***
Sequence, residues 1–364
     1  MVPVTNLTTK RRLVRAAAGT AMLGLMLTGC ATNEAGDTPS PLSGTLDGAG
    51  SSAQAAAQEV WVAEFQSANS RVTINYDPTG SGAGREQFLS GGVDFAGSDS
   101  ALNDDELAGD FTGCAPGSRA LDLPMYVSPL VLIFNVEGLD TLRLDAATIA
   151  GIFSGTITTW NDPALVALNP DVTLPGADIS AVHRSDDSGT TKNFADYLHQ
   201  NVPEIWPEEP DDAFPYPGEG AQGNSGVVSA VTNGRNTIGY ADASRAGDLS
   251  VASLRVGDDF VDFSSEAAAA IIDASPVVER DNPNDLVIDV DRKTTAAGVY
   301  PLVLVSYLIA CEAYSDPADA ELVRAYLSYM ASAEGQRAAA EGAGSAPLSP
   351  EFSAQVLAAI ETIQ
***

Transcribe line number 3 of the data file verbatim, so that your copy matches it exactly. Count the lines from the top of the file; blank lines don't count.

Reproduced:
    51  SSAQAAAQEV WVAEFQSANS RVTINYDPTG SGAGREQFLS GGVDFAGSDS